LSU Student Tells Nancy Grace That Kori Gauthier Drove Her Car Back And Forth Toward Bridge Several Times Before Going Missing

Missing Louisiana State University student Kori Gauthier drove back and forth between a Mississippi River bridge and the LSU campus several times before her wrecked car was found on the bridge — still running and with her purse and cell phone inside.

Speaking with LSU student Gabrielle Clements and her father Kirby Clements on Fox News’s “Crime Stories,” CrimeOnline’s Nancy Grace noted Monday that Gauthier’s family used the Life360 app to track her movements early that morning on April 7.

“They saw that using videos from the surrounding stores, places she passed, she drove towards the bridge and then away and then towards and away about four times prior to actually getting onto the bridge where the accident occurred,” Gabrielle Clements said. “So it was more so like a sporadic drive to them, where they weren’t sure what she was doing because she had already texted, I believe, her cousin or her brother that she was on the way to them.”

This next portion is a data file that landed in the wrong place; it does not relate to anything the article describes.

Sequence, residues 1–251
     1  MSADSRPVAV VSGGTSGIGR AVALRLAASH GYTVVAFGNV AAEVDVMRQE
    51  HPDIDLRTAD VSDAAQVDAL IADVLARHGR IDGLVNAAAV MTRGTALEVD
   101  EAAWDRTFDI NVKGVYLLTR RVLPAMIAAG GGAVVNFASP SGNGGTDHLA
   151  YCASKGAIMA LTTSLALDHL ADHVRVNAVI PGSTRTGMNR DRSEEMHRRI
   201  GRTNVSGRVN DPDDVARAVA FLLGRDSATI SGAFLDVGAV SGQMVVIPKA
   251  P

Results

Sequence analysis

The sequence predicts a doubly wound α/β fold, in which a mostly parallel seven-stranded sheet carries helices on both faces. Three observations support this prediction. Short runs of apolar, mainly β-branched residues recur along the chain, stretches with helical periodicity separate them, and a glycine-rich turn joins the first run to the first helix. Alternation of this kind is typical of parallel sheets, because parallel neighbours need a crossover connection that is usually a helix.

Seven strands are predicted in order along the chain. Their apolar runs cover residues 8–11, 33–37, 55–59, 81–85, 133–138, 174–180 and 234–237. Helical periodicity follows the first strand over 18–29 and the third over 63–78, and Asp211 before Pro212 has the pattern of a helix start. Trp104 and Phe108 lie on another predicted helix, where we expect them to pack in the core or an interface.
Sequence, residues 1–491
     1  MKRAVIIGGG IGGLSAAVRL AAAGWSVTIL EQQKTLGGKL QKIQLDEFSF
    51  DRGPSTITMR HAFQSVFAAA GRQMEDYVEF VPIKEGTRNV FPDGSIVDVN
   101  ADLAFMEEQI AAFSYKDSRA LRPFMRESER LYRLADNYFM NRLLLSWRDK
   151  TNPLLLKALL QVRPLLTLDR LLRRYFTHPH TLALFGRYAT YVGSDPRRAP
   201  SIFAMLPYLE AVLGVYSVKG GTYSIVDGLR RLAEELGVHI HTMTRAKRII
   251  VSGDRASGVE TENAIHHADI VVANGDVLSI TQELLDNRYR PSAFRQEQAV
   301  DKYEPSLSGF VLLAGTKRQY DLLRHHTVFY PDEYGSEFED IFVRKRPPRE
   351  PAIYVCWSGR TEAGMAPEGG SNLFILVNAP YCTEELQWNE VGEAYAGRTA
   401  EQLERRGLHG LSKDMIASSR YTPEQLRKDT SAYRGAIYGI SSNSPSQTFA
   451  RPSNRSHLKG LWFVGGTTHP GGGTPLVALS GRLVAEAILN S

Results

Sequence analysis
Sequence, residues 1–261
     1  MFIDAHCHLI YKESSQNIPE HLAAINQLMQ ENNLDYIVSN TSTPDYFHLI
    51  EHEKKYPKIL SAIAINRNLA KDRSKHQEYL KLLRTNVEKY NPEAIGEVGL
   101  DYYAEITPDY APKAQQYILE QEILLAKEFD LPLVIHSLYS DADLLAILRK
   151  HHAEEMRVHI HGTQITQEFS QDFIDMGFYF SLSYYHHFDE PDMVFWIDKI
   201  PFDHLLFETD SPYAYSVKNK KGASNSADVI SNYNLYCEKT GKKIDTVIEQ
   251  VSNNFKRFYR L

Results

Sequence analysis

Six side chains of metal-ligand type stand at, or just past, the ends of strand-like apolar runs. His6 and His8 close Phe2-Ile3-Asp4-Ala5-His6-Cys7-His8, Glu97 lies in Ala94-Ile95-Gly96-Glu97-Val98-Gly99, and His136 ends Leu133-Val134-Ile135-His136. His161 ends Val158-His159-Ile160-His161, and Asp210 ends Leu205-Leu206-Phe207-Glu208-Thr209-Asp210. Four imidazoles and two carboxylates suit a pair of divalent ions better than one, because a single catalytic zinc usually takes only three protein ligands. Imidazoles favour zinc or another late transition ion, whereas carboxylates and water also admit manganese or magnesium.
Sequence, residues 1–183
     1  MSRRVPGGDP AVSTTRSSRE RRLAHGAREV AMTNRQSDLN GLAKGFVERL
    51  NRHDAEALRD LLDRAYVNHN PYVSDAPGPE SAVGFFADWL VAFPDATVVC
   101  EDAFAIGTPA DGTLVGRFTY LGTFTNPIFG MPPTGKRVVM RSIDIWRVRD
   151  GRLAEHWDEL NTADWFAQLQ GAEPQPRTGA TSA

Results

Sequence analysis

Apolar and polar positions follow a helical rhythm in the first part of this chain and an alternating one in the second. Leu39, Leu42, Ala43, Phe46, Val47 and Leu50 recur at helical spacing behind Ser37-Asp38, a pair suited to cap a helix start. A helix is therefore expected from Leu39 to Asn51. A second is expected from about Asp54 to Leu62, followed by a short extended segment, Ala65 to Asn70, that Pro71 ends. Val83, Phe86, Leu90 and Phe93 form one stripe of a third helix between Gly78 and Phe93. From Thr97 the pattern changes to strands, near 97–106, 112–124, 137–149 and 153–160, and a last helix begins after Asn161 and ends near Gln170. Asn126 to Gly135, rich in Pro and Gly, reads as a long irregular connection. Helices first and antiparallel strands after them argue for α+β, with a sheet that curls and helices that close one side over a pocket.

Both Kirby Clements and Grace said they were concerned that the seemingly erratic driving pattern may have indicated something nefarious.

“I was thinking that someone in the car was there or was she being followed by someone and was trying to avoid anything, because I think that it was reported that the vehicle decelerated rapidly at the bridge,” Kirby Clements said. “So those are my concerns, is that it was either was someone in the car, was she having an argument and just got out or was she being followed and as you indicated, someone staged an accident.”

But even more concerning, he said, was that law enforcement found the car, still running, with her purse and cell phone inside, and simply towed it, without even notifying Gauthier’s family, who learned she was missing when her employer called after she missed work later that day.

“I mean, if you find a vehicle running with no driver, that says to me, start looking around for the driver right now, because it’s a vehicle on the bridge, purse, cell phone,” he said. “Why tow? Someone should have been looking that night.”

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